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keep this shit on the east side of the dufferin bridge...$130 for dinner for 2??? Fackkk offff
Ramona / February 1, 2013 at 09:42 pm
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TL;DR

I looked at the menu on their website and it's odd to see a place that sells 'warm olives' for 8 bucks in Parkdale. I don't understand how a few of you aren't finding it to be out of place.

The food looks delicious but for those small servings & high prices, I'd rather walk 3 feet and grab a shawarma instead.
Gabe replying to a comment from brian / February 3, 2013 at 01:51 pm
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Whatever Brian keep moving further west if your afraid of change, it doesn't stop at Dufferin. No ones forcing you to eat there, choice is good for the neighborhood.


evan replying to a comment from Ramona / February 3, 2013 at 11:03 pm
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"I don't understand how a few of you..." + "I'd rather..." = I operate under the assumption that everyone is the exact same as me.
Joshua replying to a comment from Ken / February 4, 2013 at 06:10 pm
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Thanks Ken, the feedback is much appreciated!
carl / February 5, 2013 at 11:19 am
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I really find it funny that people are upset that PARKDALE is becoming a normal area! I've been living here for the past 20 years and all I have
carl / February 5, 2013 at 11:34 am
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Experienced has been gun violence and crappy franchise restaurants. Prices are fair considering the costs of the high quality foods that are brought to the table. I have eaten there three times already and I can honestly say that the food is very good! I have no problem going to ali babas for a shwarma or rice and noodle for some cheap eats but isnt it nice to be able to get a high quality meal with amazing ingredients for a change and without having to go downtown. I think you guys/girls should at least give it a try before knocking it. Porzia is a awesome place to grab a bite, thr staff is great and prices are fair prices range from $3-$20 all menu items are made in house and the menus change almost daily. I have a reservation this weekend for me and 6 friends. I am proud to say that Parkdale is stepping up.
Saverio / February 8, 2013 at 12:40 pm
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I'm from Italy, visiting Toronto for a few days. A friend of mine invited me for dinner at Porzia. At first I was a bit skeptical (being Italian, you dont go to eat at an Italian restaurant in Toronto :-)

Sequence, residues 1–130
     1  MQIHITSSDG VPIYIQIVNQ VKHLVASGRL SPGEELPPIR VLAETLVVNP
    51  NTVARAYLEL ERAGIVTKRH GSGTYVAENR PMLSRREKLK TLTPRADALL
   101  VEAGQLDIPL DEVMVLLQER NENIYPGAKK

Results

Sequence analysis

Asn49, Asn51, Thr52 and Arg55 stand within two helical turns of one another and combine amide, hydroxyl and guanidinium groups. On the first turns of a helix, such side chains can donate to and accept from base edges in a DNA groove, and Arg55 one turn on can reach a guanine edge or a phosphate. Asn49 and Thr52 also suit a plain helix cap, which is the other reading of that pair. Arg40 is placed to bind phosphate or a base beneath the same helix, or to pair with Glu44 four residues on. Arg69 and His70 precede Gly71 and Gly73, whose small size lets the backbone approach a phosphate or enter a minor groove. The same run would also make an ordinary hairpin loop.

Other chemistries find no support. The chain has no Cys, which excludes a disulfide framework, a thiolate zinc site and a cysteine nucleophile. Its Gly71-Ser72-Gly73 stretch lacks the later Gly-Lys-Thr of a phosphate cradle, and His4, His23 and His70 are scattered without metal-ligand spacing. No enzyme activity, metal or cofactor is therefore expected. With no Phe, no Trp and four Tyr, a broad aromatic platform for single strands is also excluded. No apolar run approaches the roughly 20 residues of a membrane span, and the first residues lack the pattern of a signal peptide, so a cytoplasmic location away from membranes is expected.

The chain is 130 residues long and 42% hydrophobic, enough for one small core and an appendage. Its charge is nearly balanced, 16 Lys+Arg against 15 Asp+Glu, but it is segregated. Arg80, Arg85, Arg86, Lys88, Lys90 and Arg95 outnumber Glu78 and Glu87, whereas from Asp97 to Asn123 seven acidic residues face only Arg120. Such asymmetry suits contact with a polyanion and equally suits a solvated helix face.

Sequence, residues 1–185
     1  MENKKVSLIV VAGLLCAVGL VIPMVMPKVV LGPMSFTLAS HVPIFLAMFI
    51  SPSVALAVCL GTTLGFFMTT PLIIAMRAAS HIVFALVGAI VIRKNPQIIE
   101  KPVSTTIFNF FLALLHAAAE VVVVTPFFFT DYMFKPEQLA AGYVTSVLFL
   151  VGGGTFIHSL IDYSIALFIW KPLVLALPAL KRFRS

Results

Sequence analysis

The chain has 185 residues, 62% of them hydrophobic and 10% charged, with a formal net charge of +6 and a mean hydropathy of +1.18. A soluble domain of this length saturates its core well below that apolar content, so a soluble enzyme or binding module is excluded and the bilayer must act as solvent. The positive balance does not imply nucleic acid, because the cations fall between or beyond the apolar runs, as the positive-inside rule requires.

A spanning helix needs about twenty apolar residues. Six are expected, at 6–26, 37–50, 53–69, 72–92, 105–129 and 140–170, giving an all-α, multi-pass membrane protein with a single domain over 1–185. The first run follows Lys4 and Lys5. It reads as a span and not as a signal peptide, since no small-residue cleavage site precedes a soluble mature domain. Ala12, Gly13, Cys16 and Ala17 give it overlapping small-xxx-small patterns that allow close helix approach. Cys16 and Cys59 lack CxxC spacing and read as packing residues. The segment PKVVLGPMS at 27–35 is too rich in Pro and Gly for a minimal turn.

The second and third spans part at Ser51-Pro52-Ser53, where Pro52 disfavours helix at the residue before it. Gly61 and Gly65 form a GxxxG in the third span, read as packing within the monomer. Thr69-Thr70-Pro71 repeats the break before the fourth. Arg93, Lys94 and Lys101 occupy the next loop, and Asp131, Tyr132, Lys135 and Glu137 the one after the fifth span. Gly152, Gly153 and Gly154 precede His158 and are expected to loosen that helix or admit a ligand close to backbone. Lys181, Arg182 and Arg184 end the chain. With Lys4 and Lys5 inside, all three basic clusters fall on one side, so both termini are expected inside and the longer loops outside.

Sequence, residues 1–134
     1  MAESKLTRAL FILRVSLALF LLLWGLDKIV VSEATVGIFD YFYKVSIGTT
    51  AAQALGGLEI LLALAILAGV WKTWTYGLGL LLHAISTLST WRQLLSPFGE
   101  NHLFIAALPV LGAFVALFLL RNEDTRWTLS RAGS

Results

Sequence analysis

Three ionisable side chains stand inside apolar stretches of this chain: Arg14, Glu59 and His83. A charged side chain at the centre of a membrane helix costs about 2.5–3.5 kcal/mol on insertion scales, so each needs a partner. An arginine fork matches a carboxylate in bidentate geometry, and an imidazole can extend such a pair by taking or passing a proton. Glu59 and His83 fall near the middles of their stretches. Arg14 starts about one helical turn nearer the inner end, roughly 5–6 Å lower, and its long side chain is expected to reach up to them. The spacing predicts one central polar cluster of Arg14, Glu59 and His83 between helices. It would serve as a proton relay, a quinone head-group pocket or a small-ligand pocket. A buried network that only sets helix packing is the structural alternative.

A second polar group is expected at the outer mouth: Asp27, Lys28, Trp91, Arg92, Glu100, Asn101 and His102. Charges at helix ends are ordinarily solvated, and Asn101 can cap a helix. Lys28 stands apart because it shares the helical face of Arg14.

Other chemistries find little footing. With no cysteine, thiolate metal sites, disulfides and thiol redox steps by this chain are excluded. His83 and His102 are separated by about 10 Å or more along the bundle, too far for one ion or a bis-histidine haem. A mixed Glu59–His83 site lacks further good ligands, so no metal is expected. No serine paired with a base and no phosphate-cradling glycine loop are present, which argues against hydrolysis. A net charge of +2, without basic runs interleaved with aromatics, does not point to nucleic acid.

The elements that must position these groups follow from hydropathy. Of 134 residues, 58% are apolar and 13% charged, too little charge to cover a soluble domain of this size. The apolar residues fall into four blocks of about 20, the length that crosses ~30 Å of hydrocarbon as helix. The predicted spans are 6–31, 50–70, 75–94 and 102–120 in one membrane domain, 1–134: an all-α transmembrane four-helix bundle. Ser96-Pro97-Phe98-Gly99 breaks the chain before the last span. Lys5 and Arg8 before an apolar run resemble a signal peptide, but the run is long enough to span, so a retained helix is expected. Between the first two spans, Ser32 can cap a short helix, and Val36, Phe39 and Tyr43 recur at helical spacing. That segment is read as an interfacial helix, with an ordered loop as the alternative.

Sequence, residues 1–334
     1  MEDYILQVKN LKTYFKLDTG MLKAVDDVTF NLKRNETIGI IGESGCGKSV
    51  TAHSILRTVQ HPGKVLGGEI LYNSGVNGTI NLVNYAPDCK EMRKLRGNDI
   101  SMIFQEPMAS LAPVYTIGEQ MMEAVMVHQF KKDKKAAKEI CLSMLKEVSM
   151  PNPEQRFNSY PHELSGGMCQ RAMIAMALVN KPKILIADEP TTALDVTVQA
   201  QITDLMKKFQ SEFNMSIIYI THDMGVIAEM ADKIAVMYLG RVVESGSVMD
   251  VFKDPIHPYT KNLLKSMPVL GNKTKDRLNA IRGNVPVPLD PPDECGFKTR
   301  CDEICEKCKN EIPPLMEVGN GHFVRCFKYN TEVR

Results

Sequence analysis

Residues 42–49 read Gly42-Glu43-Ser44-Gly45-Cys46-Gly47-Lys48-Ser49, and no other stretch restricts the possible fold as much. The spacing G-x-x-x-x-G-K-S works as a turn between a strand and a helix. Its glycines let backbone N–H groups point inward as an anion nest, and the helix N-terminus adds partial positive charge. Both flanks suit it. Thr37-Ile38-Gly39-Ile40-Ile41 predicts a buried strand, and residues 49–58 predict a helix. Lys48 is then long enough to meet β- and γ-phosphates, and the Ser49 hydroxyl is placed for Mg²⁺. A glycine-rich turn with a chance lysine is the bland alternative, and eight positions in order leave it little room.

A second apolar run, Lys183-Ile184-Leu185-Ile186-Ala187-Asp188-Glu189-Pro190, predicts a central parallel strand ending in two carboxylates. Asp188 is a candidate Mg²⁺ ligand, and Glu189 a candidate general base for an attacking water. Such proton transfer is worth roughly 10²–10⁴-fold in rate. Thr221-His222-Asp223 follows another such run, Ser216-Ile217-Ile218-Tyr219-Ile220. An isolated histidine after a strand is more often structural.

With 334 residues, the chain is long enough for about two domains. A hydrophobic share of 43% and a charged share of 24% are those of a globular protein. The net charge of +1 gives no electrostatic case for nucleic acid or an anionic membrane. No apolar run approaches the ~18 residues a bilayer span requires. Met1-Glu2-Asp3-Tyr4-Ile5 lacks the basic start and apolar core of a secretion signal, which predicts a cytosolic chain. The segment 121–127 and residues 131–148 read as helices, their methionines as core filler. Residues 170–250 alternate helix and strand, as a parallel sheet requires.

I could not believe it. This is one of the best restaurants I've tried during the last 4-5 years. The cuisine is a blend between "Southern Italian" and something I am not able define. There is a Canadian (or maybe an Asian) accent in the food. Delicious.

My favorite dish were the chicken liver agnolotti. I also loved the citrus salad. My friend found the octopus and pappardelle very very very good. He let me taste his dishes, they were all very good. Dessert was great.

The atmosphere is nice and elegant (without being unnecessarily sophisticated). I love this part of Toronto, it's got character, I had never been here before. Prices are reasonable, given the quality of the food, the place, the atmosphere. I will definitely come back.
Heather / March 5, 2013 at 11:34 pm
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Went there on a snowy Thursday night and had a lovely dinner.
We had a reservation and the hostess graciously moved us to the chef's table where we got see where the magic happened. Chef and company were amazingly efficient while bantering cheerfully.
The food was awesome- we ordered the bone marrow,agnolotti, parpadelle and octopus which were all delicious but surprisingly rich. Definitely felt like a place for "grown ups."
Pachinko / September 13, 2013 at 01:31 pm
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Somebody likes to garnish with parsley.
Rex / January 10, 2014 at 02:28 pm
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My friend and I went last night and sat at the chef's rail. From there we were treated to an amazing and tasty array of dishes. We just told Bas to "surprise us" and indeed he did. Each dish was unique, flavourful and presented with pride of ownership.
It was a pleasure to dine there and I intend to return with my wife when we are out for a special evening.
Grazie.
Carm / May 16, 2014 at 05:41 am
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Went last night with hubby and 14 year old son for the first time.

Lovely friendly staff and great atmosphere -bit too loud though as nothing to absorb the noise.

Food: well made and presented but too small. My son wanted to know where the rest of his pasta dish was and had it been eaten on the way to the table! He could of eaten it 3 times over.

It was enough for me but then I'm small so my boys left still hungry. Not really what you want when the food is good.

Might return but without my men.